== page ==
Yelp burned a bridge with me this week, and I’m defecting to the Rummble beta. Rummble is London-based mobile + web 2.0 start-up that provides geographically relevant recommendations and reviews from likeminded people.
My frustration with Yelp started when I got an email from my dentists’ office… Earlier this year, I wrote a glowing review of my dentists, a fantastic couple who took over the practice from my former dentist when he retired. Noticing that mine was the first Yelp review anyone had written of the new practice, I emailed my dentists to thank them for their great work and let them know about my review. They replied thanking me for my review. After my latest visit, I got an email from one of my dentists, checking in to make sure that I was happy because they noticed that my positive Yelp review was no longer posted on Yelp.com. I went online to look, and sure enough, while I could see the review on my page, it didn’t appear in the public view. There was only one other review listed – also a 5 star positive review.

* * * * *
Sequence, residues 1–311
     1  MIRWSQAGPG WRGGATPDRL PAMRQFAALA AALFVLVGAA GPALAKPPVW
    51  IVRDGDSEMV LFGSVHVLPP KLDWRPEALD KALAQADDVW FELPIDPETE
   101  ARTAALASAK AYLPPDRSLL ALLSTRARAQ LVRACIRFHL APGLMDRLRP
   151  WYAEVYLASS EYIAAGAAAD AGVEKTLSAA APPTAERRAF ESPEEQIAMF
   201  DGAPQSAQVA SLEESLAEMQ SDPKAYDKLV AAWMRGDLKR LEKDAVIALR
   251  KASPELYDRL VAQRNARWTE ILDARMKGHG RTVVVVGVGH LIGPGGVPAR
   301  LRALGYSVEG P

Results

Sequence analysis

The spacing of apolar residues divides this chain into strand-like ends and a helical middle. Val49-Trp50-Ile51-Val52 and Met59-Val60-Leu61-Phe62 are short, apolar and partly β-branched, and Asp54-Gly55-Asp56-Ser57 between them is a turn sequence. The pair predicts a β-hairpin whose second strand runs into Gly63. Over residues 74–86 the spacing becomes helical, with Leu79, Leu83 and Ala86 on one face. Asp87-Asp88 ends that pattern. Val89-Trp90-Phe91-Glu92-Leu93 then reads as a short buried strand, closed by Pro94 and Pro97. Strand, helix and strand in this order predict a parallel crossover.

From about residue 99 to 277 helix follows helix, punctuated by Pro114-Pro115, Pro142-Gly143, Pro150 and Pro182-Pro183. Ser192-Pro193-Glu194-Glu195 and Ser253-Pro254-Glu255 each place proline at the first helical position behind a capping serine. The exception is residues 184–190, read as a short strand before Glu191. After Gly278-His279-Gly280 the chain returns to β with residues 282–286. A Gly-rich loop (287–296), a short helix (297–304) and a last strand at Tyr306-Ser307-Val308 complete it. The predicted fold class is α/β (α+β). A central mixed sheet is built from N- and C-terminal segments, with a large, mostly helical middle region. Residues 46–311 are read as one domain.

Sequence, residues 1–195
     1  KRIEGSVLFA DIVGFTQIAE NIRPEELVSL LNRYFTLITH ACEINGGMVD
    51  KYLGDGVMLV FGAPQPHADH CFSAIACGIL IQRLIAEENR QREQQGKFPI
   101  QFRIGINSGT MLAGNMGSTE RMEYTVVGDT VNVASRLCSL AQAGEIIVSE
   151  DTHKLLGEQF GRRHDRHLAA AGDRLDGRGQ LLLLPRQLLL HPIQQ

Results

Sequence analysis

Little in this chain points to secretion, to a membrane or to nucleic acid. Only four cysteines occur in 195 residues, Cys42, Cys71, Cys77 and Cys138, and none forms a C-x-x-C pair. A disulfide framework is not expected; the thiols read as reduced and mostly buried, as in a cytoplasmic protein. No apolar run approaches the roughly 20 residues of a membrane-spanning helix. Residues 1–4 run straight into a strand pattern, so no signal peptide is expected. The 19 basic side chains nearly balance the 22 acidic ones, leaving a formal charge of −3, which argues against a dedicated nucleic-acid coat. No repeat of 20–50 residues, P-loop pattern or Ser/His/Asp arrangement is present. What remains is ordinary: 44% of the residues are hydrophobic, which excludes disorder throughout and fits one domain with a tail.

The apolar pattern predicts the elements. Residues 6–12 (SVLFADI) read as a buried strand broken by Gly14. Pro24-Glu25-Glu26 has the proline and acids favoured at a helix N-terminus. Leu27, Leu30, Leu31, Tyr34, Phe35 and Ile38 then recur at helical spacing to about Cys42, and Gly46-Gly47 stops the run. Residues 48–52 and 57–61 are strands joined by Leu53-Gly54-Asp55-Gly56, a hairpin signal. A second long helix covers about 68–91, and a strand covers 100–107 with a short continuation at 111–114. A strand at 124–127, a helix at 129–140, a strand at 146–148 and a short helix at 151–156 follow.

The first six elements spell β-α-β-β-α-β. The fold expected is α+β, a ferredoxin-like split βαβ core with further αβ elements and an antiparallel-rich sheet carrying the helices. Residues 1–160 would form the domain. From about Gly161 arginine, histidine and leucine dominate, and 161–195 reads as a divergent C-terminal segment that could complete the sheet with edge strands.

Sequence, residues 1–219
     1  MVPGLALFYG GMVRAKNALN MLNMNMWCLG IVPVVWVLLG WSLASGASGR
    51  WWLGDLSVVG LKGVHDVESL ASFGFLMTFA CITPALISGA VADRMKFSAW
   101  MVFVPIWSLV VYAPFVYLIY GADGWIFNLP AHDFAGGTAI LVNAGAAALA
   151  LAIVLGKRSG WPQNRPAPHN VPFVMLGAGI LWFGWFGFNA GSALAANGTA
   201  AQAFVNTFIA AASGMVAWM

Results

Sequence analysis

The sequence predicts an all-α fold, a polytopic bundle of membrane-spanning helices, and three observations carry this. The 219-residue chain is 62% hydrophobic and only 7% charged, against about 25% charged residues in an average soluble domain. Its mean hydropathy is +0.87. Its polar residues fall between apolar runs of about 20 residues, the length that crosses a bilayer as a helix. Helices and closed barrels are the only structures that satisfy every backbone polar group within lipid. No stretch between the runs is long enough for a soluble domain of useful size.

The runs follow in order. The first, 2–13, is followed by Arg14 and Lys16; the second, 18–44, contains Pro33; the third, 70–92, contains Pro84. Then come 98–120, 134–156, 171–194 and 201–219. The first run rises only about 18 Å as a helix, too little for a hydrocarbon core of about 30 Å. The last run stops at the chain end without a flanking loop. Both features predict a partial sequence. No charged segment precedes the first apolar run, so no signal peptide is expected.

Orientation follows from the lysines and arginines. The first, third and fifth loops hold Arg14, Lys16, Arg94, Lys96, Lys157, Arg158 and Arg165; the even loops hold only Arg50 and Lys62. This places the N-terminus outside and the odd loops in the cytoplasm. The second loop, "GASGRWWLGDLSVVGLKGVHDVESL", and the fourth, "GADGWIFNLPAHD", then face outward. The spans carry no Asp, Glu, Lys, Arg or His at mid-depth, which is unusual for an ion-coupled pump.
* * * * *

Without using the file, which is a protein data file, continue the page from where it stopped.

Bewildered by why my review was removed, I re-posted it again, and it appeared in public view. I then emailed Yelp to ask what happened. In the note, I explained that I wasn’t a spammer, but rather a social media blogger with a positive track record of contributing to online communities. I received the following response:
Thanks for contacting Yelp about your reviews.